A Sickening Need for Trustworthy Reporting

Nobody can trust what they hear about coronavirus.

We've written at length about the longstanding tendency of American media to lean left and bemoaned the now well-known fact that they're totally in the tank for woke liberals.  As poll after poll has shown, nobody trusts the media anymore, and rightly so.

Yet, all the quotes from our Founders extolling the existential virtues of a free press, so beloved of huffily bloviating "journalists," are not actually fake news.  They were real then, and they're true today.  A free and honest press is, indeed, something that any free nation really ought to have.

In fact, we are living in a time right now where it would be extraordinarily helpful to have trustworthy media.  As of February 1, 2019, The Guardian reported 12,000 confirmed cases worldwide of the coronavirus that's been capturing the world's fevered imagination, and that 213 Chinese have died.  Both numbers are presumably growing grow by the hour: the Wall Street Journal reported on January 31 that there had been more than 200 fatalities and that the number of cases was approaching 10,000.

The rapid spread of this new plague from Wuhan, China to the rest of the world provides a vivid illustration of the wisdom of our Founders, when Thomas Jefferson said such things as "The only security of all is in a free press" - and also, "The press is impotent when it abandons itself to falsehood."

Let's Look at the Record

There are two important numbers about any disease: morbidity, the rate of disease in a population; and mortality, a measure of the number of deaths in a given population.

The difference between these two numbers is the difference between a pandemic, bad luck, and an annoyance.  The common cold has a high morbidity in New England in that a major fraction of the population gets a cold at one point or another during the winter, but nobody panics because nobody dies - the mortality is close to zero.  In contrast, tetanus has a high mortality and kills almost everyone who gets it, but the morbidity is low, as it is quite rare.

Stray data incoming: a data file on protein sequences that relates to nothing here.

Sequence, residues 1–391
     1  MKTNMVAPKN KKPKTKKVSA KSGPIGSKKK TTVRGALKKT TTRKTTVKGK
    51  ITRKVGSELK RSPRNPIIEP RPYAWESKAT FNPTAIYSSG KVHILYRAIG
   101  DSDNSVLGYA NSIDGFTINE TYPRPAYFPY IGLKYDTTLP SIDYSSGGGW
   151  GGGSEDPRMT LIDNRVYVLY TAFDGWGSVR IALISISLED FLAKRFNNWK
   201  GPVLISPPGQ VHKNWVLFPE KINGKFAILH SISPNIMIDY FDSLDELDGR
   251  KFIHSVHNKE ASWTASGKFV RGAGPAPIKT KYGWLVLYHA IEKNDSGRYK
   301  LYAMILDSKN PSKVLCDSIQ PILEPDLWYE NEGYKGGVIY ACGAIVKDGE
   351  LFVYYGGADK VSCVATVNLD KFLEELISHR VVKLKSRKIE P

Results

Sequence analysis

The WSJ tries to put the coronavirus in perspective by discussing what's happening in our American flu season, which thus far has been without the new virus:

The Centers for Disease Control and Prevention estimates that, so far this winter, at least 140,000 in the U.S. have been hospitalized with seasonal influenza, with at least 8,200 fatalities. And this has been a fairly mild flu season[emphasis added]

The US Census Bureau estimates the US population at 329.45 million as of August, 2019.  The morbidity of our seasonal influenza is 0.04% - only .04% of our population has suffered flu this year.  The mortality is 0.002%, which represents a minute risk to any individual who doesn't engage in high-risk behavior such as nursing flu patients.

The percentage of people who get a disease who die from it is also interesting.  In our case, 5.8% of the people who are known to have had the flu died from it.  That's somewhat nervous-making, but compared to the 70% of patients who died in the recent Ebola epidemic it's no big deal.

Note that the CDC report used weasel words "at least."  This makes sense - people who get a mild case of any flu are wise not to go anywhere near a hospital where the finest germs in town hang out.  We have no idea how many Americans got the flu without telling anybody in officialdom, and presumably next to none of them ended up dying from it.

Death counts are probably more accurate, but the CDC could easily have missed deaths of old people in nursing homes who were already ailing when flu pushed them over the edge.  Many of our friends got the flu; none went to a hospital where the CDC could count them, so the percentage of flu patients who die is really a lot lower than 5.8%.  To that point, the South China Morning Post published a comparison table showing that our 2019-2020 flu infected 13 million and killed 10,000 for a fatality rate of 0.07%.  They're guessing that only 1% of the people who got the flu went to a hospital.

Their table showed 17,387 coronavirus cases with 362 deaths for a fatality rate of 2.1%.  That's a tiny sample compared to our 13 million flu cases, and the number will get more precise over time.  Their table also shows 10% fatalites for the Sars virus of a few years ago, which would put Sars at 5 times worse than the new virus if the current numbers turn out to be accurate.  In case you've forgotten, the world didn't end from Sars.

To Panic or Not to Panic?